High Cotton

Submitted by Pamela Edwards

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Client: Hunt County Public Art

Location: Greenville, TX, United States

Completion date: 2015

Project Team

Artist

Pamela Edwards

Public Art Agent

Hunt County Public Art

Overview

Helping to revitalize a city’s historic downtown area, High Cotton is the largest and one of few public art commissions in Hunt County. Presented as a vertical timeline (top to bottom), this hand-painted hard-edge abstraction celebrates the rich geologic history of former cotton boomtown Greenville, Texas. Mural alone is 90ft x 15ft.

Goals

This is one of few public art works in the County. The goal was to help local citizens gain an appreciation for art. It was commissioned by public and private funds raised within the community, and important to feature relatable imagery for community members.

Process

The artist and designer for this project are one in the same. Upon request, the designer/artist presented a new concept to Hunt County Public Art group. Once the work was approved by this group, both collaborated on making presentations to clubs and community organizations. Also, a fundraising gala was organized. The work is located on a larger wall than originally intended. Approval by the Main Street Advisory Board (preserving historic downtown) was also required before work began. There were about 9 months from approval to project start date.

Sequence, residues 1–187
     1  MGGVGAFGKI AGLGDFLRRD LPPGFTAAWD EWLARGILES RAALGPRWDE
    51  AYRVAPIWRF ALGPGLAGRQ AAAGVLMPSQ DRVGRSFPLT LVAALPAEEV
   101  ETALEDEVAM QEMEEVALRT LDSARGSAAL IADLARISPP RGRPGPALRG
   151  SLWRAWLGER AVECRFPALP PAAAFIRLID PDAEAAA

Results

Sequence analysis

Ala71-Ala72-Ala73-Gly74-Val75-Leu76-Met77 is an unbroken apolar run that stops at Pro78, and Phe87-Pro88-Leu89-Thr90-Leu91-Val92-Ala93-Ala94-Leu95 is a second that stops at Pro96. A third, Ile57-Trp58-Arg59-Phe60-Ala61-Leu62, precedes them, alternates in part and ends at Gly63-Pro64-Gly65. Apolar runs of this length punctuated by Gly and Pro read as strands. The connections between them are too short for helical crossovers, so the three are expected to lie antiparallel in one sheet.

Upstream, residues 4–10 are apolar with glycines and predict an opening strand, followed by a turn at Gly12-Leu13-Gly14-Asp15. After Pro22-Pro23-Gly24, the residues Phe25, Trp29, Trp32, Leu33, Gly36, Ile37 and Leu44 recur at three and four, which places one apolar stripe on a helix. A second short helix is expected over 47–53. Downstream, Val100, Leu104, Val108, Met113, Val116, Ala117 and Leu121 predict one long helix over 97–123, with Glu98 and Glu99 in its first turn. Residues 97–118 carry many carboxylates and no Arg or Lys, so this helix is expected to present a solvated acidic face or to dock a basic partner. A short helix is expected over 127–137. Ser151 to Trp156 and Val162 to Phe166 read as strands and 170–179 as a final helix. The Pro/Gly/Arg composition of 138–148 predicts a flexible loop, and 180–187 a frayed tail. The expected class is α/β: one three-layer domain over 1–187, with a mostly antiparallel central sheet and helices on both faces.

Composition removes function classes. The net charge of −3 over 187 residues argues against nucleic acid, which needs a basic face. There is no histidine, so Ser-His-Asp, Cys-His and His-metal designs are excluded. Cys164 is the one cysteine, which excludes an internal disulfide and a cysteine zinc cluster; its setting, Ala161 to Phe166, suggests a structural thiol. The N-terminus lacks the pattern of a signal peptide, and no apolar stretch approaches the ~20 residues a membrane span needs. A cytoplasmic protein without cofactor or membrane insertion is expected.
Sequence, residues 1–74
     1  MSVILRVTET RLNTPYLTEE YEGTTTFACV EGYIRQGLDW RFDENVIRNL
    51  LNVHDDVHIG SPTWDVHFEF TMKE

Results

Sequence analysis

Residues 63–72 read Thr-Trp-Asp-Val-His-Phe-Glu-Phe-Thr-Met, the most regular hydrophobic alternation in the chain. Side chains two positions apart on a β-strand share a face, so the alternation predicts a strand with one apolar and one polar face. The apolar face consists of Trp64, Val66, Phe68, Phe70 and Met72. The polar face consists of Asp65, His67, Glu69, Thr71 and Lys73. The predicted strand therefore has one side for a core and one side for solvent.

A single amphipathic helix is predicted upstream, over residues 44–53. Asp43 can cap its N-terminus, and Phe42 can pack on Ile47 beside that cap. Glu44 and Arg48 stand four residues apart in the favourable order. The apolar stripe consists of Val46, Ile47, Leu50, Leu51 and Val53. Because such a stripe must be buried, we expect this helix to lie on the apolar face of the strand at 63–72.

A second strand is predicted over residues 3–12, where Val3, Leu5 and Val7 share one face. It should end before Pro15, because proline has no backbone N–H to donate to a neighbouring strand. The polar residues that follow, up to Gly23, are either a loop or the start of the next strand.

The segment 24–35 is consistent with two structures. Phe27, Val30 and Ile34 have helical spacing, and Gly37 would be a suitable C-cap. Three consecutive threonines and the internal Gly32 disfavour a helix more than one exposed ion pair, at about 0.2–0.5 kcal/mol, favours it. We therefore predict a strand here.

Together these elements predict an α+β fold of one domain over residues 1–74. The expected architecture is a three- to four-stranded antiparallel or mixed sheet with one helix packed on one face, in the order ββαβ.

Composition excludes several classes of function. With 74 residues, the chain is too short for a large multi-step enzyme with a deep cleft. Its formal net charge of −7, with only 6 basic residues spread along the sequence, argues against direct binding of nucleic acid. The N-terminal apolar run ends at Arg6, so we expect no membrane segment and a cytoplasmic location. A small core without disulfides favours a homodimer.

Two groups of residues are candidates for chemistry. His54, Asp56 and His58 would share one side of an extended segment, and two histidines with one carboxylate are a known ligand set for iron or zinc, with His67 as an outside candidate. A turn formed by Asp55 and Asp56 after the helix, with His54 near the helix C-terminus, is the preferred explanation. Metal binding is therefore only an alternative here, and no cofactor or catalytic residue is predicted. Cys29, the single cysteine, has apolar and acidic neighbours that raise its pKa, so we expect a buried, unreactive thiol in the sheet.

Additional Information

At top, wavy bands of blue indicate millions of years this region sat underwater. White and bright yellow-green hues represent salt and powdery sulfur deposits abundant in local soil. Below, a multicolor rectangular pattern pays homage to Native inhabitants who cultivated the land. The transition from bright blue to deep red-brown symbolizes water seeping into enriched earth. In contrast to colorful geometric layers above, colorless cotton whimsically emerges from blackland soil. Greenville became internationally known for its cotton.